“Harden not your hearts, as in the provocation, (In other words, when they had a chance to go in and take the Promised Land.) in the day of temptation in the wilderness: 9. When your fathers (Now remember, Hebrews is written to the Nation of Israel.) tempted me, proved me, and saw my works forty years. 10. Wherefore I was grieved with that generation, and said, They do always err in their heart; and they have not known my ways.” Why not? No Faith! They can’t take God at His Word. Verse 12:
“Take heed, brethren, lest there be in any of you an evil heart of (What?) unbelief, in departing from the living God.” See, that’s what it does to people when they have no faith. They become godless. They become ungodly!
Now that doesn’t mean that they’re skid-row material, but they’re without God. They have no faith. All right, for sake of time come all the way over to the last part of the chapter, verses 18 and 19, still in chapter 3.
“And to whom sware he that they should not enter into his rest, (That is the Promised Land waiting for them.) but to them that (What?) believed not?” That was their problem. And you want to remember, just a few weeks before that they’d made the golden calf.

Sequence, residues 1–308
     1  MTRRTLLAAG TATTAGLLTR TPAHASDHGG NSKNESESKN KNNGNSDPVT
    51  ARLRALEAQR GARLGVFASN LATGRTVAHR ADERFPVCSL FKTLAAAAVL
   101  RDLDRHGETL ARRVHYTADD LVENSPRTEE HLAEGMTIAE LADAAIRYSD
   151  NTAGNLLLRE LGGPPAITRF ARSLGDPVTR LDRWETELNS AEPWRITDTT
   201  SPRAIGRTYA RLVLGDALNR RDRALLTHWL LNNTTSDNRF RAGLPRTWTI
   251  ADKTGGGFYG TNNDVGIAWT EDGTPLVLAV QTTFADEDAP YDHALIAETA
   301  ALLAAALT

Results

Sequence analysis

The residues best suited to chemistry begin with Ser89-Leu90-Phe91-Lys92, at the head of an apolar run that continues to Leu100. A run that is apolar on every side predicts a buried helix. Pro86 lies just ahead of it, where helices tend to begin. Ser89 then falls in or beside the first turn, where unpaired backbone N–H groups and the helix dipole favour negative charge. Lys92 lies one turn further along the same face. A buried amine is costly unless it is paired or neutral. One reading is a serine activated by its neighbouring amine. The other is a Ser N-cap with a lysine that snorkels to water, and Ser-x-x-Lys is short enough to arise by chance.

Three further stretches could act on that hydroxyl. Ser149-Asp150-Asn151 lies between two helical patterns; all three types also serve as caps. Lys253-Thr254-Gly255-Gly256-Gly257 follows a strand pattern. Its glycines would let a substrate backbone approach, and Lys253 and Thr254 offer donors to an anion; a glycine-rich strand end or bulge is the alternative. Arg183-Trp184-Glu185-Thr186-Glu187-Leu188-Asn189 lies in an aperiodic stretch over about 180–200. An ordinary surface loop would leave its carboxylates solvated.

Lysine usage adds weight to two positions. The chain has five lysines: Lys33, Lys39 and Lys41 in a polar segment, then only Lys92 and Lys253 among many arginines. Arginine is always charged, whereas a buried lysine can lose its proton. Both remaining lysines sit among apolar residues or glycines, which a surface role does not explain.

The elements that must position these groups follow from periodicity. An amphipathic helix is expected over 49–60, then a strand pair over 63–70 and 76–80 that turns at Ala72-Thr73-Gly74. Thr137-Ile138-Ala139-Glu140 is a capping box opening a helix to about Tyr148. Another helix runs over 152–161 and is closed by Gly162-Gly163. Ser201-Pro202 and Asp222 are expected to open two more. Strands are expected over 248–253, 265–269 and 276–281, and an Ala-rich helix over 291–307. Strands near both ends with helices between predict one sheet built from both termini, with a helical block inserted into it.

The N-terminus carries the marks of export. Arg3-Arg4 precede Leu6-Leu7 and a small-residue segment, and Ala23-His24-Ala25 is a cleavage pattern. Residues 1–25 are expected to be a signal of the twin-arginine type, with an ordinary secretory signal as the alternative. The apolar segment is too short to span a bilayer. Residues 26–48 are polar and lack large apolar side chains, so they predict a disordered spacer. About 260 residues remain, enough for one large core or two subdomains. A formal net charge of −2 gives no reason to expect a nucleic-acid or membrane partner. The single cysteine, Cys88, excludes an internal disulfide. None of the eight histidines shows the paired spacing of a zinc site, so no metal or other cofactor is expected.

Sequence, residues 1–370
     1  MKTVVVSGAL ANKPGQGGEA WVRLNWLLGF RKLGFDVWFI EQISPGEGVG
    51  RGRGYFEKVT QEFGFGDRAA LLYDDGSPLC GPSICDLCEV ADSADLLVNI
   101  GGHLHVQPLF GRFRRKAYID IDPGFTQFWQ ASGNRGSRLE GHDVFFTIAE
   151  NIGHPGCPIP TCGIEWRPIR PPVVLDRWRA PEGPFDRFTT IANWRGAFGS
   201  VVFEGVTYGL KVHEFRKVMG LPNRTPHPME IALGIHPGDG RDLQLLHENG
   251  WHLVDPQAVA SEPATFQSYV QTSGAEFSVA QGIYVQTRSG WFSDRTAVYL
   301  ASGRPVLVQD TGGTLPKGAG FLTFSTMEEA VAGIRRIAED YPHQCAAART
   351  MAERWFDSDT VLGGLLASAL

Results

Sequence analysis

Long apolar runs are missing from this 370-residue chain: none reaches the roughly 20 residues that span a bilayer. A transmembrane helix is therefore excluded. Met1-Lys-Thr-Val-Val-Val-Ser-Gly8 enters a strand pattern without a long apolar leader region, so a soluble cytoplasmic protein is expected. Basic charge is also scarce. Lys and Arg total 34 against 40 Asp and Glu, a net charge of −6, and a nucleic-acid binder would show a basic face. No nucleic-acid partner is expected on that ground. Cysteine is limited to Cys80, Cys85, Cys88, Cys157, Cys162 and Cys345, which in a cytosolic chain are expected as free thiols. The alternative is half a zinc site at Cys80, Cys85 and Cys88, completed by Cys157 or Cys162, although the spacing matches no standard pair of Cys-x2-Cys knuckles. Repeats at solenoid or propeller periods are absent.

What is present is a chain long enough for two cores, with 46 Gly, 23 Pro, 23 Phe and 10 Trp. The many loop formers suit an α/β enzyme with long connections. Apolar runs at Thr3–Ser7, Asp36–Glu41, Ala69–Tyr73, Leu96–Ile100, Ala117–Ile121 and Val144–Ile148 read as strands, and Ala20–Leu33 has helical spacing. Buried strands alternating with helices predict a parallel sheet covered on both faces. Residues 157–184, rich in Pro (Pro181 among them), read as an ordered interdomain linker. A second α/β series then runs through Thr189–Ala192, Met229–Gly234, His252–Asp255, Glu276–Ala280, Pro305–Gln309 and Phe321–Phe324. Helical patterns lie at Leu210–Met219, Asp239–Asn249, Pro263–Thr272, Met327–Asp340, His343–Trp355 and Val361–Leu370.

But that isn’t what God reminds them of. He doesn’t tell them about the immoral activity they went into around the golden calf. No. His controversy was their unbelief. Okay, now I’ve got two minutes to finish up the last part of I Timothy chapter 1 verse 20. We have two more examples from the pen of the Apostle of men who were destitute of faith. They were even involved in a local congregation. And they were giving Paul heartache with their false teaching. All right, back to I Timothy chapter 1 verse 20, of those who had been made shipwrecked Paul says:
I Timothy 1:20
“Of whom is Hymenaeus and Alexander; whom I have delivered unto Satan, that they may learn not to blaspheme.” All right, now let’s turn a couple of pages to II Timothy chapter 2 verses 17 and 18. Then I guess we’re going to have to close it.
II Timothy 2:16-18
“But (he writes) shun profane and vain babblings: for they will increase unto more ungodliness. (Don’t forget Esau) 17. And their word will eat as doth a canker: of whom is Hymenaeus and Philetus; (And he also mentioned Alexander in I Timothy. Now here was their lack of faith.) 18. Who concerning the truth have erred, saying that the resurrection is past already; (In other words, they denied the resurrection of Christ and consequently, what did they do? They destroyed or–) and overthrow the faith of some.”
How did they destroy some of their fellow church members’ faith? By teaching that there was no such thing as a resurrection to be looking forward to. They said that was something that happened in the past. Ring a bell? Hey, you’re hearing the same thing today.